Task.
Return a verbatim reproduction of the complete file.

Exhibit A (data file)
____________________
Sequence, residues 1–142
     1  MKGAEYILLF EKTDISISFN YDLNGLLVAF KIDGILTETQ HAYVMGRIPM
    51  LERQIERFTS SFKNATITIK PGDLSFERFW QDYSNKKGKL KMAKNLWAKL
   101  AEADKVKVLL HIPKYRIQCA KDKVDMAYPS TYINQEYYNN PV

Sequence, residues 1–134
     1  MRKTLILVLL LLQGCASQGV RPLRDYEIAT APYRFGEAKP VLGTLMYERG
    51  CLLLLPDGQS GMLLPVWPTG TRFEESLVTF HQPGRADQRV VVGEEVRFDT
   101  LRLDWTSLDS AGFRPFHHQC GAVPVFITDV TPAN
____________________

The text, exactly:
Sequence, residues 1–142
     1  MKGAEYILLF EKTDISISFN YDLNGLLVAF KIDGILTETQ HAYVMGRIPM
    51  LERQIERFTS SFKNATITIK PGDLSFERFW QDYSNKKGKL KMAKNLWAKL
   101  AEADKVKVLL HIPKYRIQCA KDKVDMAYPS TYINQEYYNN PV

Sequence, residues 1–134
     1  MRKTLILVLL LLQGCASQGV RPLRDYEIAT APYRFGEAKP VLGTLMYERG
    51  CLLLLPDGQS GMLLPVWPTG TRFEESLVTF HQPGRADQRV VVGEEVRFDT
   101  LRLDWTSLDS AGFRPFHHQC GAVPVFITDV TPAN